III. Standard of Review

Rule 56 of the Federal Rules of Civil Procedure facilitates the entry of a judgment only if no trial is necessary. See White v. York Intern. Corp., 45 F.3d 357, 360 (10th Cir. 1995). Summary adjudication is authorized when there is no genuine dispute as to any material fact and a party is entitled to judgment as a matter of law. Fed. R. Civ. P. 56(a). Substantive law governs what facts are material and what issues must be determined. It also specifies the elements that must be proved for a given claim or defense, sets the standard of proof and identifies the party with the burden of proof. See Anderson v. Liberty Lobby, Inc., 477 U.S. 242, 248 (1986); Kaiser-Francis Oil Co. v. Producer's Gas Co., 870 F.2d 563, 565 (10th Cir. 1989). A factual dispute is "genuine" and summary judgment is precluded if the evidence presented in support of and opposition to the motion is so contradictory that, if presented at trial, a judgment could enter for either party. See Anderson, 477 U.S. at 248. When considering a summary judgment motion, a court views all evidence in the light most favorable to the non-moving party, thereby favoring the right to a trial. See Garrett v. Hewlett Packard Co., 305 F.3d 1210, 1213 (10th Cir. 2002).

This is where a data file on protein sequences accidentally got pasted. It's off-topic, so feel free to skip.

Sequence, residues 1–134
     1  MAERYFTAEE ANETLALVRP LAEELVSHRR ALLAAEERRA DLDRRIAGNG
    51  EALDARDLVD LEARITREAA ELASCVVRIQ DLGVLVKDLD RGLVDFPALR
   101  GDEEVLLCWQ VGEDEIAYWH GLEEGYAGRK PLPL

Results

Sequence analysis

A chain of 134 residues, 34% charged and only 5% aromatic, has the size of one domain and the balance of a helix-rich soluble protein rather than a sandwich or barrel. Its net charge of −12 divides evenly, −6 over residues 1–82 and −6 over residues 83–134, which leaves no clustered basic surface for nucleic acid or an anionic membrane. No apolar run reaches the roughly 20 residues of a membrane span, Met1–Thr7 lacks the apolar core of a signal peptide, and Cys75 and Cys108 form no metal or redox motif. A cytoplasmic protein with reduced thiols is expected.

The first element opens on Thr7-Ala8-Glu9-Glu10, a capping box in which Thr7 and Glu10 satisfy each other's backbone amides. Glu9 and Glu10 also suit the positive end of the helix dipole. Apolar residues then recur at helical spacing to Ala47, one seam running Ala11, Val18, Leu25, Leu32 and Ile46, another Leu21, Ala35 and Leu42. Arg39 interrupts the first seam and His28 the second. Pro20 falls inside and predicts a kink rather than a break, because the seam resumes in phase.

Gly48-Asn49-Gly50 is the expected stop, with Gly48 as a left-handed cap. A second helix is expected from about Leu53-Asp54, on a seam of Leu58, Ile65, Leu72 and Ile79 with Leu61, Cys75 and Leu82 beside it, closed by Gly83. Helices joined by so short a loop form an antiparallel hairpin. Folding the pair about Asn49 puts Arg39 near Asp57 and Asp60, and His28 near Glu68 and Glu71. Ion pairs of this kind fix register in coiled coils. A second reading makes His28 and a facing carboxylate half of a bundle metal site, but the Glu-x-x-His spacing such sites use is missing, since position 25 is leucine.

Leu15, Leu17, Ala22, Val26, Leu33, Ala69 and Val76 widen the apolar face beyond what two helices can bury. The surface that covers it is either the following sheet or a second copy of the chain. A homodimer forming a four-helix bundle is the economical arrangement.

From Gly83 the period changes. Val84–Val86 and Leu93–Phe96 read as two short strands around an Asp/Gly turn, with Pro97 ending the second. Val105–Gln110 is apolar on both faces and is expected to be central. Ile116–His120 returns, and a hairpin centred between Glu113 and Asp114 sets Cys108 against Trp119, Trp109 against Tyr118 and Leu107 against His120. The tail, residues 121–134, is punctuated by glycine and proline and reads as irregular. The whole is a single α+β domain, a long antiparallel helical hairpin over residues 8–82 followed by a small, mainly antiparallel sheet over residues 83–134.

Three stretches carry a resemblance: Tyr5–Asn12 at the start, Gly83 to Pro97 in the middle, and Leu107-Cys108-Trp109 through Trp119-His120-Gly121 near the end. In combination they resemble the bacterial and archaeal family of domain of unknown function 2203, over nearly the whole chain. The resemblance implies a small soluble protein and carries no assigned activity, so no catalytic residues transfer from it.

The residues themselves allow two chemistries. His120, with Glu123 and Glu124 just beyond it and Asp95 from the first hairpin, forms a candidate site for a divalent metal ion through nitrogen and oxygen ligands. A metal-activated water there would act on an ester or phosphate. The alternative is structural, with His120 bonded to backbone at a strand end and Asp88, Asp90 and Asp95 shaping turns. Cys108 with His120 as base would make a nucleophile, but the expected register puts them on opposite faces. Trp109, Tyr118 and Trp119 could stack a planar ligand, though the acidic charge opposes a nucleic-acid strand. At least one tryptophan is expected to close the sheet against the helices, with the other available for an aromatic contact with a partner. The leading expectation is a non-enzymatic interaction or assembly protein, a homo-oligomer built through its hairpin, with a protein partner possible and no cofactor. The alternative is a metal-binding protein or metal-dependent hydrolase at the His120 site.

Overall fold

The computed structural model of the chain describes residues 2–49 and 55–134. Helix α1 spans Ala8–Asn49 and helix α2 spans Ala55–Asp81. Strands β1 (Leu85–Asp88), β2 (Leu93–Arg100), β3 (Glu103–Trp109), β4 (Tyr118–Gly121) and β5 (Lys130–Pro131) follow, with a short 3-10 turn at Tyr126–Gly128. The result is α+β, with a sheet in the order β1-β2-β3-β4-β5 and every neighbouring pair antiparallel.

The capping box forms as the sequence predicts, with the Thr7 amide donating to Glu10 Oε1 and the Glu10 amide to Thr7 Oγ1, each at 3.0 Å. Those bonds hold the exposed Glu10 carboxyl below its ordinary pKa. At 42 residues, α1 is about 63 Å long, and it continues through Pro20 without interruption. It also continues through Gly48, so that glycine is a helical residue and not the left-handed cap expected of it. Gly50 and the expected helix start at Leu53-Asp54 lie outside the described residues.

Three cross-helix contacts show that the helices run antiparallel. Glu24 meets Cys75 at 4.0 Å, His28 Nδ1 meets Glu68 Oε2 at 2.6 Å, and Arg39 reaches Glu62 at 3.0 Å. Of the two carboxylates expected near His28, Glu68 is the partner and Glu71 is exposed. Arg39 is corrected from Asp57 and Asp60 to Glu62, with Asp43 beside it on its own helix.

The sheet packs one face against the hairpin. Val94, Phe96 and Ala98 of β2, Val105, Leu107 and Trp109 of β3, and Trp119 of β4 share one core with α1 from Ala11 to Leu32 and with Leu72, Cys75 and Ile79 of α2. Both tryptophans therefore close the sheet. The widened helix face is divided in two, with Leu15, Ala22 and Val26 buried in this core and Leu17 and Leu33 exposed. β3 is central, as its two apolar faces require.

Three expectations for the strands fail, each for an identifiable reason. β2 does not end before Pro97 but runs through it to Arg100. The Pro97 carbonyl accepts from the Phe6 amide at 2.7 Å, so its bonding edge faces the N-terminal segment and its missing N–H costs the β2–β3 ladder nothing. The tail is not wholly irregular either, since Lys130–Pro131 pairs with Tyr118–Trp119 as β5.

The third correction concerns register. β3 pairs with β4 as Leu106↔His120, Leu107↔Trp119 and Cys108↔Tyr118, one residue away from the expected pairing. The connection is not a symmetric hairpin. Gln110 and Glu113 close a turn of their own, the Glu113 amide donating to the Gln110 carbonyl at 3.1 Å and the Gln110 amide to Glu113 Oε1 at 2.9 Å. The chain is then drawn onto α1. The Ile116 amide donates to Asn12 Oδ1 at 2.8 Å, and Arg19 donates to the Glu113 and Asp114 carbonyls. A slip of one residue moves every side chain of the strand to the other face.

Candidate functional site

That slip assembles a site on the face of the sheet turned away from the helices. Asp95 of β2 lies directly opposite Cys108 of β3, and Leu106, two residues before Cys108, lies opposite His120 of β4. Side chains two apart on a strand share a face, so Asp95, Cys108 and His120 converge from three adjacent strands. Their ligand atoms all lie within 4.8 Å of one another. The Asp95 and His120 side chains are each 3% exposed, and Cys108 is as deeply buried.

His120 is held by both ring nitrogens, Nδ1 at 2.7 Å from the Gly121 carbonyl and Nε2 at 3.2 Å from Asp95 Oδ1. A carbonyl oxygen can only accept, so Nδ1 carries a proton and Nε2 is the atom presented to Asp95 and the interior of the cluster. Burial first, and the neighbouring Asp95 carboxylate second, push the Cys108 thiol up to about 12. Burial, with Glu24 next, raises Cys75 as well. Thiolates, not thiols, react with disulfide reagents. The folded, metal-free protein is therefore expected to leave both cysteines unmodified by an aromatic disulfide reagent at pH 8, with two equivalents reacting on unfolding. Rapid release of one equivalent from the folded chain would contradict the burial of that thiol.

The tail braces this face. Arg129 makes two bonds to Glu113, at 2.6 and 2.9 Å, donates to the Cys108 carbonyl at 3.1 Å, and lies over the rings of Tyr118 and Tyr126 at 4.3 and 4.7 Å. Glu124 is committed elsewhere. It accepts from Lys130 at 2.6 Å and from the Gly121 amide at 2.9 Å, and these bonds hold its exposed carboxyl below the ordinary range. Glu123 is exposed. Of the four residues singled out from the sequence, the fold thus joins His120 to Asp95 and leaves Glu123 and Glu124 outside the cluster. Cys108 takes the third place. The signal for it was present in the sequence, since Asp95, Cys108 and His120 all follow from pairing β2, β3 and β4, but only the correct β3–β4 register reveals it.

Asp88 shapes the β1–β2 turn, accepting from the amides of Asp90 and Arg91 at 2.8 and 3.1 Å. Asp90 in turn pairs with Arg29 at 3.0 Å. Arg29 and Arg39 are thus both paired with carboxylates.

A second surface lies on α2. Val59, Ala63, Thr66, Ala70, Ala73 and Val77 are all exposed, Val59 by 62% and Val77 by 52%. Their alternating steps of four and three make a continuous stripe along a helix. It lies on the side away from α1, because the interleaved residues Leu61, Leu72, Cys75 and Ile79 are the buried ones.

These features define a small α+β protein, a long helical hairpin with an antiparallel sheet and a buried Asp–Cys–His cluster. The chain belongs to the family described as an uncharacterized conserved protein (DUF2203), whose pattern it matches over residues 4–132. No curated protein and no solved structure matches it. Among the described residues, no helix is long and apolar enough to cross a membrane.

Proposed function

When the moving party does not have the burden of proof at trial, it must point to an absence of sufficient evidence to establish the claim or defense that the non-movant is obligated to prove. If the respondent comes forward with sufficient competent evidence to establish a prima facie claim or defense, a trial is required. If the respondent fails to produce sufficient competent evidence to establish its claim or defense, the claim or defense must be dismissed as a matter of law. See Celotex Corp. v. Catrett, 477 U.S. 317, 322-23 (1986).

IV. Analysis

A. Elements of a Section 1983 Claim